Reading #1: Five Basic Laws Used by Meteorologists to Understand the Evolution of Larger Scale Atmospheric Flow Patterns
1. Ideal Gas Law (Equation of State) -- expresses the relationship of the pressure a gas exerts to the volume it occupies and its temperature. (The product of the pressure a gas exerts and the volume the gas occupies is directly proportional to the temperature of the gas). The gas constant (R) can be viewed as a correction factor that is different for each gas (because of differences in molecular structure) and is usually given for so-called 'dry air'. 'Dry Air' means air without any water vapor. Since the molecular weight, size, and structure of diatomic nitrogen and diatomic oxygen are very similar, the gas constant for them is essentially identical. However, water vapor is a a large, bulky molecule for its molecular weight and the gas constant for it is much different. We deal with this by defining something called Virtual Temperature.
2. First Law of Thermodynamics
The total energy of a system includes internal, kinetic, potential and chemical energy. These are related, respectively, to air parcel's temperature, characteristics of the three dimentional wind field, and to the molecular properties of air. The "Conservation of Energy" states that there is a balance between these, such that the total energy does not change. The First Law of Thermodynamics is a conservation law that relates to the internal energy only. It is a corollary of the more general "Conservation of Energy". The Internal Energy ∆U is changes because of changes in sensible heat (∆q) and the work done due to expansion or contraction (∆W).
A manipulation of that equation puts it into a form that makes it more conceptually accessible, as shown below. The temperature changes experienced by an air parcel can be put into two general categories: i. those related to direct heating or chilling of the air parcel (termed sensible or diabatic heating or cooling -- q divided by specific heat in equation below); and, ii. those related to non-direct heating or chilling associated with expansion or contraction of the air parcel (termed adiabatic heating or cooling).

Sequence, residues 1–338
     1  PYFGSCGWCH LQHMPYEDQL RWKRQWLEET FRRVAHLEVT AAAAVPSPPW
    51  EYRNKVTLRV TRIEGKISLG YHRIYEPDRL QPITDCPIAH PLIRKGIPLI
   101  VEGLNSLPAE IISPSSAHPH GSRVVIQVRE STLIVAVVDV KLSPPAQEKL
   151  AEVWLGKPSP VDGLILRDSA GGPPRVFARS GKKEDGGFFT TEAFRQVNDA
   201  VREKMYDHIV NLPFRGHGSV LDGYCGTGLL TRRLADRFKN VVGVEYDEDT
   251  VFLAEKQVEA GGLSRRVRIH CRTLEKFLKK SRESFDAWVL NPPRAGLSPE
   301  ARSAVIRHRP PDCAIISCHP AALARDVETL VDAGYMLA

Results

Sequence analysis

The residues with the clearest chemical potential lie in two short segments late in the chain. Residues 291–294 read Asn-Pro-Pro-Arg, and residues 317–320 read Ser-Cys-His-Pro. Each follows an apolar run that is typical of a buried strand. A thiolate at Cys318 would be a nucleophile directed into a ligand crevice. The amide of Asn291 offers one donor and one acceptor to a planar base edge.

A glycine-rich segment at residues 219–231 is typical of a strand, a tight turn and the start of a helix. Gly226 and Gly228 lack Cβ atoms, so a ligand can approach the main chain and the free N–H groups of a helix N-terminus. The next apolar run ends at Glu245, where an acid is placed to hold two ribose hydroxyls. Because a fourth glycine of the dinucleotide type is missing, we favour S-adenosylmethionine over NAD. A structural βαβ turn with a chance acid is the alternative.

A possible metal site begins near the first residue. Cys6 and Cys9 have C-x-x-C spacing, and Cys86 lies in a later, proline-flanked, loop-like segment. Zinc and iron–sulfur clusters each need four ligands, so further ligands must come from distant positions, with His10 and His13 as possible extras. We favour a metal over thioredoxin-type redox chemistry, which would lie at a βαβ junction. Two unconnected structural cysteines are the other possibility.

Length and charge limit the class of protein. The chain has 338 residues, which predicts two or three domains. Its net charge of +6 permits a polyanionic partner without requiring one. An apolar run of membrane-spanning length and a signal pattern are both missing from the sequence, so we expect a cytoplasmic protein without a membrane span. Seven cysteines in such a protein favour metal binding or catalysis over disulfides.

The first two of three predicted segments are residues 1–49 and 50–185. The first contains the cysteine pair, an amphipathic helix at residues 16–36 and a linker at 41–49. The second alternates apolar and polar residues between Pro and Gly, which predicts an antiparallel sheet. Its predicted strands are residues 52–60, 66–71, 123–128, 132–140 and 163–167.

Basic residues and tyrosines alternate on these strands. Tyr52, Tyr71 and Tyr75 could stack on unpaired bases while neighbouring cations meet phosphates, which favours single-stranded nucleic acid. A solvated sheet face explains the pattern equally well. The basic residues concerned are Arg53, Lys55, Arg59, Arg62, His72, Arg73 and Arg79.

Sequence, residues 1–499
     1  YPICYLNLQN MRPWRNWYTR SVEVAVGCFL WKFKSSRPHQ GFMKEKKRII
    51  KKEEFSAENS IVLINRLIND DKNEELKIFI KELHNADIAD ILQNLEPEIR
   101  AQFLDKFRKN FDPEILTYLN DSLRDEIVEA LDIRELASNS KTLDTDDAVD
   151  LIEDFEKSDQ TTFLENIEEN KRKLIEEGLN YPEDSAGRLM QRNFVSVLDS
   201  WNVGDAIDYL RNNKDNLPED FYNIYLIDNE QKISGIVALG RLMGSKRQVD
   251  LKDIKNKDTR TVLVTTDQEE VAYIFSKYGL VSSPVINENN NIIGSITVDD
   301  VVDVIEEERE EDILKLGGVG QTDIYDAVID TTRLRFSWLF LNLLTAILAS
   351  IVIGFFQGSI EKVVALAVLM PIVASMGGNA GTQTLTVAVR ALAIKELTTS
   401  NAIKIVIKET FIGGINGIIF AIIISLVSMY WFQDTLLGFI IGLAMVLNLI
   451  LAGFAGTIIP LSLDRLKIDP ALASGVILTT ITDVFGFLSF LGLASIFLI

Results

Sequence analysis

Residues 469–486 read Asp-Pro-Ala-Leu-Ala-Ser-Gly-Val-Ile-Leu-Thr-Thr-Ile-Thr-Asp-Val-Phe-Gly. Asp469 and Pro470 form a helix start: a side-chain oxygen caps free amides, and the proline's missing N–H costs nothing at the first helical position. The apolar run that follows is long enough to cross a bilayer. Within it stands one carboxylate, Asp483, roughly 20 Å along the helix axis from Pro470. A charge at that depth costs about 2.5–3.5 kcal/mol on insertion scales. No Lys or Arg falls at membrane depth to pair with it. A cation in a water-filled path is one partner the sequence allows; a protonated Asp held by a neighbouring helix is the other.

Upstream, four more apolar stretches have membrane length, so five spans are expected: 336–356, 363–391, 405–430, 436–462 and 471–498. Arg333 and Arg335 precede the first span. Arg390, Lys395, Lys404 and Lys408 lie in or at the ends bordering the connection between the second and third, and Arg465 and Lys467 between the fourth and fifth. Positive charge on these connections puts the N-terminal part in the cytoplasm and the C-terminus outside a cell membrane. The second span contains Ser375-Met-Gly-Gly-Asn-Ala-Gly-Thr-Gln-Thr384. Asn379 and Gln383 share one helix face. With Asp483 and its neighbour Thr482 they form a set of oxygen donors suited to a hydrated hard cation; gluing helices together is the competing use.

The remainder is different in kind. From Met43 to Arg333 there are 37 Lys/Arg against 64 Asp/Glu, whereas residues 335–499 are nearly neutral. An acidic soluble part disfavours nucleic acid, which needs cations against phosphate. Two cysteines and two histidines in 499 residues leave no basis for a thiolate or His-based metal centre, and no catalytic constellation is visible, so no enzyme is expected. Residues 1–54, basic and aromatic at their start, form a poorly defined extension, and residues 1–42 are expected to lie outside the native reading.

The First Law of Thermodynamics tells us how the air parcel"s temperature changes. It changes either by direct addition of "heat" (such temperature changes are called "diabatic" or "sensible" and examples include conductional warming or cooling, latent head addition etc.) and/or by contractional heating/expansional cooling (such temperature changes are termed "adiabatic")
3. Newton's Second Law of Motion -- states that the acceleration experienced by an object is due to the sum of the forces acting on the object . (An object at rest will be accelerated in proportion to the forces that act on the object). (F = ma)
How Wind Develops ( Equation of Horizontal Motion): -- air motion can be understood on the basis of the forces that cause air to move. In the absence of all other forces, at a given elevation (say, sealevel or at 18000 feet), air tends to be accelerated horizontally from regions of higher pressure to regions of lower pressure.
Note that in oceanography, the viscous forces /acclerations between fluid parcels and the surrounding ocean must be added to the right hand side of the equation. The resulting equation of motion is known as the Navier-Stokes Equation.
4. Hydrostatic Law (Obtained from the Equation of Vertical Motion) -- the upwards directed pressure gradient acceleration acting on an air parcel (explained in class) is balanced by the acceleration of gravity.
Can also be derived as a special case special case of (3)
where (PGA)z is the pressure gradient acceleration. But at the synoptic scale az is very nearly zero…most often net vertical accelerations produce vertical velocities that are two or three orders of magnitude smaller than horizontal velocities and often can be neglected on an order of magnitude basis. Hence
(PGA)z = g
Hydrostatic Law is often written:
5. Conservation of Mass Applied to the Atmosphere (Equation of Continuity ) – the fractional rate of increase experienced by an air parcel (or air column, following its motion), is equal to the convergence (negative divergence). For stationary air columns or parcels, this simply means that net convegence of air into the column results in increases in density and vice versa.
At the macroscale, synoptic scale, and mesoscale, in meteorology, the density changes experienced by air parcels are one to two orders of magnitude smaller than the three dimensional divergence term on the right. Thus, the equation can be rewritten
which is known as Dine’s Compensation. When solved for the change in vertical velocity, this equation, when applied to a layer, says that divergence, say, at the top of the layer is balanced by upward motion through the bottom of the layer. For the whole troposphere, Dine’s Compensation states that upper tropospheric divergence is balanced by lower tropospheric convergence and vice versa.